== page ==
So it’s Preservation Week — the true Old Home Week (ba-dum-dum!) — and even though the P word is a part of our company name, I am predictably nitpicky (predictably, and perhaps wearisomely, at least to my office mates, the poor kids) of its use for this celebratory week. Now, of course, preservation is probably the best sounding word and the one with the most traction (at least in the US), but overall there are certain burdens that come with the word’s connotations that make advocacy and communication about our profession difficult.
I think — especially within the digital preservation realm — we’re beginning to get across the message that preservation is not a single act, but a system of monitoring and activities applied over time, and, frequently, applied more than once. This fact stands out more with digital materials because of their shorter lifecycle. The fact still applies to analog media, paper, and physical objects, just typically on a much longer lifecycle. In many cases we have not had to deal with such issues in great frequency or volume…or we have ignored the issue until it begins to achieve a critical mass (note for next year’s blog post)…but the fact remains.
That being the case, however, there is still a general connotation with the word preservation as an act that ends in long term stasis requiring no monitoring. An act that freezes the state of an object as is for…[pause]… ever. The mosquito in amber. The tin of potted meat product. Walt Disney’s head. Stable and forgotten in underground storage until there is a need to revive or exploit the resource in the name of science/knowledge and/or due to the next apocalypse caused by science/the search for knowledge.
Yes, preservation is a perfectly cromulent word, and it is meaningful to the work we do, but personally I feel that a preferred term we should use for is sustainability. Because really what we do when we contextualize collections, establish stable environments, develop policies, advocate and fundraise, and otherwise monitor and manage the materials we care for is to enable sustainability — not just of the items in the collection, but also for the infrastructure that supports the collection, for the institution holding the collection, and, really, for the broader society we service. We sustain the cultural record and, in doing so, provide sustenance to society on which it can sustain itself.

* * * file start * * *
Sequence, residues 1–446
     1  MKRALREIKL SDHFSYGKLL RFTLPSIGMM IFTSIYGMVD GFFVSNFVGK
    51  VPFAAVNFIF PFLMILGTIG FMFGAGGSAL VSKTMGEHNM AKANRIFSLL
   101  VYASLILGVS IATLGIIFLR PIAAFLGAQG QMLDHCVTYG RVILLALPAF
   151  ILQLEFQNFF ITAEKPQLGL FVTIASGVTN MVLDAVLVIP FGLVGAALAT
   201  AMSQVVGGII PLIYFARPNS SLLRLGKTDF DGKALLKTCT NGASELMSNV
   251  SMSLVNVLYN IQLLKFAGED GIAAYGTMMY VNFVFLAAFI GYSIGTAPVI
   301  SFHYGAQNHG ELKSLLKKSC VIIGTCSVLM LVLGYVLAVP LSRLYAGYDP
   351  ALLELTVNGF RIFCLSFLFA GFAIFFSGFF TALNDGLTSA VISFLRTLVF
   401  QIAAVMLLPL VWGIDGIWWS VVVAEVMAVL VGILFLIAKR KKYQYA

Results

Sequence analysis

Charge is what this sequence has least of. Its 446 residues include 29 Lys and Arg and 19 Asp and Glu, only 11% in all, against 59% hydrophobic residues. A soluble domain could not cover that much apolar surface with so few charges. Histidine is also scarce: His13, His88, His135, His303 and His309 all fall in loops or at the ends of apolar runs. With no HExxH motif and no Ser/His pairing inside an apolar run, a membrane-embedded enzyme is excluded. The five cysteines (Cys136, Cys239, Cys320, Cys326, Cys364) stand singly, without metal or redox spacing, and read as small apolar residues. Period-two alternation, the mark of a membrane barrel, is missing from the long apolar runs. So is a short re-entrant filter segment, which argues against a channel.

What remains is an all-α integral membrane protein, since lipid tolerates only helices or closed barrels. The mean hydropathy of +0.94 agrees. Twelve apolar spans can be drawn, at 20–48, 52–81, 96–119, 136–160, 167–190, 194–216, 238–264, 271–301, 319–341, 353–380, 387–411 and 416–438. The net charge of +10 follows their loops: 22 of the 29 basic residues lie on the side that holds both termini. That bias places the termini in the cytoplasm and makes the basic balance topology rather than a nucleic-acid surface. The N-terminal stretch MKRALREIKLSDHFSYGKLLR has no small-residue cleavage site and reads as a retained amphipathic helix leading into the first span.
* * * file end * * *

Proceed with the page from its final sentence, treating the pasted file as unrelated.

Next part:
The hunger of culture for culture, for the types of content we collect, continues to expand well beyond what was formerly the purview of local interest and academic researchers. Our pickled and salted and fermented goods are available for such purposes, but demand of the sort we are seeing (as well as our need to advocate for the importance of archives) means we also have to provide collections as farm fresh, ready to pluck off the vine and devour in the sun as the juice runs down one’s chin. Wherever there are un-arranged papers, we’ll be there. Wherever there is inconsistent vocabulary, we’ll be there. Wherever there are inaccessible formats, we’ll be there. We’ll be there to help people understand.